If repeat customers are a sign of a successful business, Shiloh Quaker Camp certainly qualifies.
The outdoor camp on nearly 400 Madison County acres has a very high return rate for campers. Many of the children come back year after year and some of the staff, including the director, have spent several seasons there as campers.
Shiloh offers several sessions every summer that include a variety of outdoor activities. Canoeing, backpacking and technical rock climbing are important parts of the Shiloh experience. In addition, campers participate in service projects and arts and crafts, informal sports, dancing, drama and music.
The camp is run by BYM Camps, a Quaker organization that has been operating outdoor camps in the Mid-Atlantic region since 1923. Despite the Quaker affiliation, the camps are open to all and according to camp program manager Jane Megginson, only about 35 percent of the campers are from the Quaker faith. The organization bought Shiloh from the Church of the Brethren in 1992 and has been holding the summer residence outdoor camp for children ages 9-14 there since.
According to Megginson, campers come from all over the globe; however the majority are from Maryland, Virginia and Pennsylvania.
“We have a no phone or tech policy so the experience forces campers to experience the environment,” Megginson said. “In the past this was commonplace, but for kids today, being unhooked from technology is a different experience. We focus on backpacking, hiking, rock climbing and canoeing and older campers often take trips into the Shenandoah National Park. The camp is a traditional overnight outdoor camp. We have singing and games and arts and crafts as well as the outdoor activities.”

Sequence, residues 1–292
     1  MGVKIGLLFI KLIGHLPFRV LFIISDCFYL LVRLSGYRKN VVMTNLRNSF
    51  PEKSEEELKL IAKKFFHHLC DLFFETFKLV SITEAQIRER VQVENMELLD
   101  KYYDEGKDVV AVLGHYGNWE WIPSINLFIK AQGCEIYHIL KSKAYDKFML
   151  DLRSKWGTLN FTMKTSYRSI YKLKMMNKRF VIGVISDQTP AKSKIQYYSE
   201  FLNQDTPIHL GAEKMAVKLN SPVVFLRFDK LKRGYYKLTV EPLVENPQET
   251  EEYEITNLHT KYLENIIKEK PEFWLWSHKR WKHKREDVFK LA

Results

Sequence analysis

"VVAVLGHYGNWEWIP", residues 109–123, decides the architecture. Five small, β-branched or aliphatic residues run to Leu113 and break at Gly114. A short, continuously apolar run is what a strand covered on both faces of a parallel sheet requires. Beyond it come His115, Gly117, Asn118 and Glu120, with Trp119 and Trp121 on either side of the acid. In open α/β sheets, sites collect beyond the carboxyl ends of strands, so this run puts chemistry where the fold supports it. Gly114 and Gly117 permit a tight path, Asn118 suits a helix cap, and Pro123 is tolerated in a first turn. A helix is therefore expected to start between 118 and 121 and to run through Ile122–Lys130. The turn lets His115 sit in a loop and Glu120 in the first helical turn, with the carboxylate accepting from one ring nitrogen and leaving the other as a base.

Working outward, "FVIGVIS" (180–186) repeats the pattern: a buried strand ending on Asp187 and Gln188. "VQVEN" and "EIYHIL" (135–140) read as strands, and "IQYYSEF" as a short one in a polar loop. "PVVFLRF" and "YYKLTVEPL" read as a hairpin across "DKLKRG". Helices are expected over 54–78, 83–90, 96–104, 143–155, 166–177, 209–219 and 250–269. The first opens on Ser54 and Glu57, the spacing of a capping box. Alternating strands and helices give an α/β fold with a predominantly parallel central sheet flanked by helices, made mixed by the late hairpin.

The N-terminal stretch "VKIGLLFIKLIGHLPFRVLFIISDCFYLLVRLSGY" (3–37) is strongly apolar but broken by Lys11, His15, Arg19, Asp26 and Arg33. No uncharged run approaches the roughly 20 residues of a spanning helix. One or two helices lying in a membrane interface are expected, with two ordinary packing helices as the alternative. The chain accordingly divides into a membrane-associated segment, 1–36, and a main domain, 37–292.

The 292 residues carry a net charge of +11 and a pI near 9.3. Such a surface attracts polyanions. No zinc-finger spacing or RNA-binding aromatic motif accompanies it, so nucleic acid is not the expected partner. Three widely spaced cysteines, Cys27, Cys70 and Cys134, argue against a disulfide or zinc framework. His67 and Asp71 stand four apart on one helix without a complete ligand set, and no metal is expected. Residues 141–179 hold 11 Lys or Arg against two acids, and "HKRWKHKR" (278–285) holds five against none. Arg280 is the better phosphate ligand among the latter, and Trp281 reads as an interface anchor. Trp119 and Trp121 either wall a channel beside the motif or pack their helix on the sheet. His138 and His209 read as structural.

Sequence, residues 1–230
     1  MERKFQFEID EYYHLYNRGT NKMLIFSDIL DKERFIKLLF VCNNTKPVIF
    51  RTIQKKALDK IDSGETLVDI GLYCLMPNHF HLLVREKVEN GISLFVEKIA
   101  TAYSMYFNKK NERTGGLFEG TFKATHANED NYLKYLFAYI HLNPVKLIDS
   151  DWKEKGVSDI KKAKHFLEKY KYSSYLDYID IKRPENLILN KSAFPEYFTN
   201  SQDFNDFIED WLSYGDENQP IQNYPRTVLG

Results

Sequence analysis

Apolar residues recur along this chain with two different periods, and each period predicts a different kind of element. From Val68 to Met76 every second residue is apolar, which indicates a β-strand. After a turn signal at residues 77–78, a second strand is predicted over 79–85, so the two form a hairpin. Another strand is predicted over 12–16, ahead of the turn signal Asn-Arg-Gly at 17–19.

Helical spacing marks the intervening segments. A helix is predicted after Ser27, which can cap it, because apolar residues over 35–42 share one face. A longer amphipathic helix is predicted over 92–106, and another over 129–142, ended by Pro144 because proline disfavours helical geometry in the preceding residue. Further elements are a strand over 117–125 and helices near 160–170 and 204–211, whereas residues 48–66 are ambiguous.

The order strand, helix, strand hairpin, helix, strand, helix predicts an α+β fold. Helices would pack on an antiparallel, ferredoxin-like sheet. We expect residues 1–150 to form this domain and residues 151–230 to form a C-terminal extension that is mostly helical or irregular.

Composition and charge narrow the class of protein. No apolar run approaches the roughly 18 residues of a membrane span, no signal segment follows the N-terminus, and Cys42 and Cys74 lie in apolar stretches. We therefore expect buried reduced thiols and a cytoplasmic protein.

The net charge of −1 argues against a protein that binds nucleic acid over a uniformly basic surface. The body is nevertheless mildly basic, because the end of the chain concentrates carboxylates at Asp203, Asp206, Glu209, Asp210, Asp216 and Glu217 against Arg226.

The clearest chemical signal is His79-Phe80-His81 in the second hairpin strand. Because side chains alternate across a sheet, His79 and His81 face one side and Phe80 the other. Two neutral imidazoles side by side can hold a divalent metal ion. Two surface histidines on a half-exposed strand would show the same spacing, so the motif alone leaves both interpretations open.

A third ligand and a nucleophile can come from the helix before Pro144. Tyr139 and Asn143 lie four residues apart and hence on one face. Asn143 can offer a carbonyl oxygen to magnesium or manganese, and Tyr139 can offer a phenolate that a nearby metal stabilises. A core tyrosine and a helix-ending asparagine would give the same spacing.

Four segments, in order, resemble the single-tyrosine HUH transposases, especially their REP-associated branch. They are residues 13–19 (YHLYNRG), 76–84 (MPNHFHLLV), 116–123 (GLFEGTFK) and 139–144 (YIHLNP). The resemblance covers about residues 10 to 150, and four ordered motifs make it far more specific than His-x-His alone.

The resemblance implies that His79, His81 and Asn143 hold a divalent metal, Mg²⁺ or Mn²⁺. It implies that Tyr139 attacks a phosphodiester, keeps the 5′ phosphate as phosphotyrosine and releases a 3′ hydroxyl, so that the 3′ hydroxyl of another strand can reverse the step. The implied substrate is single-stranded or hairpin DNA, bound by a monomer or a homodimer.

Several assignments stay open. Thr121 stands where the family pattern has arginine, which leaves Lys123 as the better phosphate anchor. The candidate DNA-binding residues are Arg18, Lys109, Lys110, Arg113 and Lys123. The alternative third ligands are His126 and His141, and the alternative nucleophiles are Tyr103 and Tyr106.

For counselor Asa Massie of Clifton Forge, the fun he had as a camper made him apply for a job at Shiloh.
“I’ve been coming back, I think this is my 10th summer here,” said Massie. “I came every summer as a camper and now I’m back to work here. I love it.”
Another staffer, Meredith Awalt of Baltimore, MD also attended Shiloh as a camper before coming back to work there.
“I started here as a camper,” said Awalt. “Now this is the fifth year on staff.”
Shiloh’s director, Hope Swank, grew up in the Washington D.C. area and attended Shiloh first as a camper then later as a counselor before returning to run the camp. Swank said organizing and operating the camp is really an ongoing process.
“Technically, it’s a seasonal position,” said Swank. “I have a lot of free time in the fall, but by January, we’re back hiring for next summer and getting applications for camp. In the spring we’re getting ready then camp runs from June to August.”
The camp offers one, two and four week sessions. A one-week session costs $950 per camper, a two-week session $1,550 and a four-week session is $3,100. The camp usually fills all spaces before the first session.
Megginson said very few locals attend Shiloh.
“We don’t have a lot of campers from the immediate area,” said Megginson. “In part that’s because we compete with 4-H camp, Camp Red Arrow and lots of specialty camps in the region. I also think a lot of kids from the immediate area are already more involved outdoors so hiking in the park isn’t such a big deal. There are also so many special camps, for music, horseback riding, computer skills; there is a camp for every sport and activity. I’m not sure how many of the locals really know we are here. Unless you are in the Hood Post Office when we send out or receive a box of letters, most people forget we’re here.”
For more information, visit https://bymcamps.org/programs/shiloh-quaker-camp.